El Lissitzky  

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Train wreck at Montparnasse (October 22, 1895) by Studio Lévy and Sons.
Train wreck at Montparnasse (October 22, 1895) by Studio Lévy and Sons.

Lazar Markovich Lissitzky (November 23, 1890December 30, 1941), better known as El Lissitzky (Эль Лисицкий), was a Russian artist, designer, photographer, teacher, typographer, and architect. He was one of the most important figures of the Russian avant-garde, helping develop suprematism with his friend and mentor, Kazimir Malevich, and designed numerous exhibition displays and propaganda works for the former Soviet Union. His work greatly influenced the Bauhaus, Constructivist, and De Stijl movements and experimented with production techniques and stylistic devices that would go on to dominate 20th century graphic design.

Perhaps the most famous work by Lissitzky is the 1919 propaganda poster "Beat the Whites with the Red Wedge". Russia was going through a civil war at the time, which was mainly fought between the "Reds" (communists and revolutionaries) and the "Whites" (monarchists, conservatives, liberals and socialists who opposed the Bolshevik Revolution). The image of the red wedge shattering the white form, simple as it was, communicated a powerful message that left no doubt in the viewer's mind of its intention. The piece is often seen as alluding to the similar shapes used on military maps and, along with its political symbolism, was one of El Lissitzky's first major steps away from Malevich's non-objective suprematism into a style his own. He stated: "The artist constructs a new symbol with his brush. This symbol is not a recognizable form of anything that is already finished, already made, or already existent in the world – it is a symbol of a new world, which is being built upon and which exists by the way of the people."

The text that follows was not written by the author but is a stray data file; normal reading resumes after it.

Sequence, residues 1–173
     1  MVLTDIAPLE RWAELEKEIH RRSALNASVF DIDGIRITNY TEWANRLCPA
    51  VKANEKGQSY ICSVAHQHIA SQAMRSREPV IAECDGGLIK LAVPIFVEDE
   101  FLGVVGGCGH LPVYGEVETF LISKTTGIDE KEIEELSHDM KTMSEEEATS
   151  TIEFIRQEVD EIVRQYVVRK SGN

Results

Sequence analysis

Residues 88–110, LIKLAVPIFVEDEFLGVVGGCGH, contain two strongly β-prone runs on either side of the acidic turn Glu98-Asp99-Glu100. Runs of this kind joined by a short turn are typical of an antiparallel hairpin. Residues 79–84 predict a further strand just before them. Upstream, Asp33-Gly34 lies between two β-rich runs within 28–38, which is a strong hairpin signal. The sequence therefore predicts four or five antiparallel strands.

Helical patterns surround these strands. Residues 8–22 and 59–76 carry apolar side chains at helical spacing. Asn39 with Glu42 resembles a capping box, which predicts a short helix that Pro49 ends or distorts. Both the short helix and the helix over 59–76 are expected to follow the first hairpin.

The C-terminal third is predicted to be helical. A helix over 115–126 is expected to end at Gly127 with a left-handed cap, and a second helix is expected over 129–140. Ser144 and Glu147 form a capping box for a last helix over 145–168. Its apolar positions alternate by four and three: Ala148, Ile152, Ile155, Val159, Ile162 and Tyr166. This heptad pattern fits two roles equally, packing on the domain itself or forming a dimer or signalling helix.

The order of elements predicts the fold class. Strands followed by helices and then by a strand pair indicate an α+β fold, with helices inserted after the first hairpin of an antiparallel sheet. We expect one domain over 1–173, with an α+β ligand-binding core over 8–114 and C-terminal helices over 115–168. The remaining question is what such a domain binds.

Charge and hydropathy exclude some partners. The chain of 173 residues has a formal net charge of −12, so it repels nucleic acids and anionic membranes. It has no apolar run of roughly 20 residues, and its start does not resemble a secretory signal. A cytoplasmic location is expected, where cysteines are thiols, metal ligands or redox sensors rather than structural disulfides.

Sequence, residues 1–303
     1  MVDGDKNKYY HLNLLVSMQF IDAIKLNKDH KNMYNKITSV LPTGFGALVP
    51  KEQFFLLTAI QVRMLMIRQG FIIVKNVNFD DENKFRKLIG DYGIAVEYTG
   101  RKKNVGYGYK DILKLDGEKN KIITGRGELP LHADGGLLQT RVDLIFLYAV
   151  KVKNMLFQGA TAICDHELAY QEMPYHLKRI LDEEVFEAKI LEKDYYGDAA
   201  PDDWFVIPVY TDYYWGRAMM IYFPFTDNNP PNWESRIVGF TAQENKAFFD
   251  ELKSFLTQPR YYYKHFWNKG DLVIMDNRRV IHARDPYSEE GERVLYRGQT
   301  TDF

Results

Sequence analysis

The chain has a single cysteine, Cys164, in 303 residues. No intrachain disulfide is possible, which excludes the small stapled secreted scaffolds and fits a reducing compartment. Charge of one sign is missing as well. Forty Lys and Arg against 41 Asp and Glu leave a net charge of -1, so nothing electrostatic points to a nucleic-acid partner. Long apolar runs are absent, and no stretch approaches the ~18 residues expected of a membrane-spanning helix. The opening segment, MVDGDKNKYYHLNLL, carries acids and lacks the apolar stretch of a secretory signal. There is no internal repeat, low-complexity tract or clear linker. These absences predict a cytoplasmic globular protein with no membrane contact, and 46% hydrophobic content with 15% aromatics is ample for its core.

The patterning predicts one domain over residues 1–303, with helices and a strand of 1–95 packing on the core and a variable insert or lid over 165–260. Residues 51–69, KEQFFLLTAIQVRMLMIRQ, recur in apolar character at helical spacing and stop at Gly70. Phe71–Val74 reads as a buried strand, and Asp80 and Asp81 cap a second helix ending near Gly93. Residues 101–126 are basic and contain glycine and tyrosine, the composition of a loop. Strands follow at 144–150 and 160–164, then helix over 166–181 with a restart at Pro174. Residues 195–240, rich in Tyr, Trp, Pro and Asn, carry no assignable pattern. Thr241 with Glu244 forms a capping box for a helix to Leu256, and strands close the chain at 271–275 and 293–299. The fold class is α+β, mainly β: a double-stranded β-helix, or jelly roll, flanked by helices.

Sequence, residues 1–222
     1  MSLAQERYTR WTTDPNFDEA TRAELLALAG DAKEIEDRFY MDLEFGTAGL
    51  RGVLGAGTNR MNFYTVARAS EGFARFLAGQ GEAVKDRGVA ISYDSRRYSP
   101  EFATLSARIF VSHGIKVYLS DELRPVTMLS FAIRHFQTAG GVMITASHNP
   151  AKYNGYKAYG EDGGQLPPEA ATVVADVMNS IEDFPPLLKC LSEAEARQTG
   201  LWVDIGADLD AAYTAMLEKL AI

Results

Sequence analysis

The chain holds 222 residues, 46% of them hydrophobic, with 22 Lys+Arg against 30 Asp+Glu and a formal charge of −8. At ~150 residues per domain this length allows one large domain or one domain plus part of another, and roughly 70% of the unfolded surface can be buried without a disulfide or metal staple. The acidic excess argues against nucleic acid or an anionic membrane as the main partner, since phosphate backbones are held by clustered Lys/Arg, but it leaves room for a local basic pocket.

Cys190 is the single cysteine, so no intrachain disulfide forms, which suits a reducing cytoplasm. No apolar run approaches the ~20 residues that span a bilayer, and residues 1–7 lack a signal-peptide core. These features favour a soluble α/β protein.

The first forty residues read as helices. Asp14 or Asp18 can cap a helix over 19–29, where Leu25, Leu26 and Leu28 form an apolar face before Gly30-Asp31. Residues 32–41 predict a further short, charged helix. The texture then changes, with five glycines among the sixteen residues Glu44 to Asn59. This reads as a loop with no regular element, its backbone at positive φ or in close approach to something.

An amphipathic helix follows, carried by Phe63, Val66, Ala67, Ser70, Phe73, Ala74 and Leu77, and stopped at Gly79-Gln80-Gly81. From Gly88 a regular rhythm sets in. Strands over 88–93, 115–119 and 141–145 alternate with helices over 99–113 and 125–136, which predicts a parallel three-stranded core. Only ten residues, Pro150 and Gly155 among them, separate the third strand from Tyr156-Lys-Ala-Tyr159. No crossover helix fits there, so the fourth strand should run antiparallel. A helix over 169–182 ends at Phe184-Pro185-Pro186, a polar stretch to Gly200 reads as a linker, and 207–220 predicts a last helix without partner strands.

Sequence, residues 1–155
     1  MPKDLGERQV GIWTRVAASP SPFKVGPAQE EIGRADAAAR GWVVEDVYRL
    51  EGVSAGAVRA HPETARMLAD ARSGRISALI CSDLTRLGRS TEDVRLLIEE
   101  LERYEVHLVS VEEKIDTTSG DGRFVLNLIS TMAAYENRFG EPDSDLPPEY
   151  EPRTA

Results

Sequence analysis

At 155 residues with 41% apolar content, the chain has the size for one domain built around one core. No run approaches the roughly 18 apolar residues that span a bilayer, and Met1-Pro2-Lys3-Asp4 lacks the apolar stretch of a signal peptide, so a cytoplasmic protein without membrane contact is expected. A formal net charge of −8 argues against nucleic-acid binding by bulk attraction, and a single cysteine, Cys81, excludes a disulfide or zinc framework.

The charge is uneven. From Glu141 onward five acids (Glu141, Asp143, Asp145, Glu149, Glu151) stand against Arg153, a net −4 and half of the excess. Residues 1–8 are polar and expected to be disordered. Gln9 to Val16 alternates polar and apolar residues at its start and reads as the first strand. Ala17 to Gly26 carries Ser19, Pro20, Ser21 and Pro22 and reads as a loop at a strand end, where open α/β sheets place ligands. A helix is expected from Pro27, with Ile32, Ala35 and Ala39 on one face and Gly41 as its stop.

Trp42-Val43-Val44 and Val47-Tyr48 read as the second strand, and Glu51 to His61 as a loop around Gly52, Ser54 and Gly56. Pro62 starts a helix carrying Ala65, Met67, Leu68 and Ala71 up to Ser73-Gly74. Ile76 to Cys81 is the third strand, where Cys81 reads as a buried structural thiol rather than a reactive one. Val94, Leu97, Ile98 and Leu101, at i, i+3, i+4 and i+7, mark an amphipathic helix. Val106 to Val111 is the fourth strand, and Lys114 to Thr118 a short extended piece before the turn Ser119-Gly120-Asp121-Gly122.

Unless indicated otherwise, the text in this article is either based on Wikipedia article "El Lissitzky" or another language Wikipedia page thereof used under the terms of the GNU Free Documentation License; or on original research by Jahsonic and friends. See Art and Popular Culture's copyright notice.

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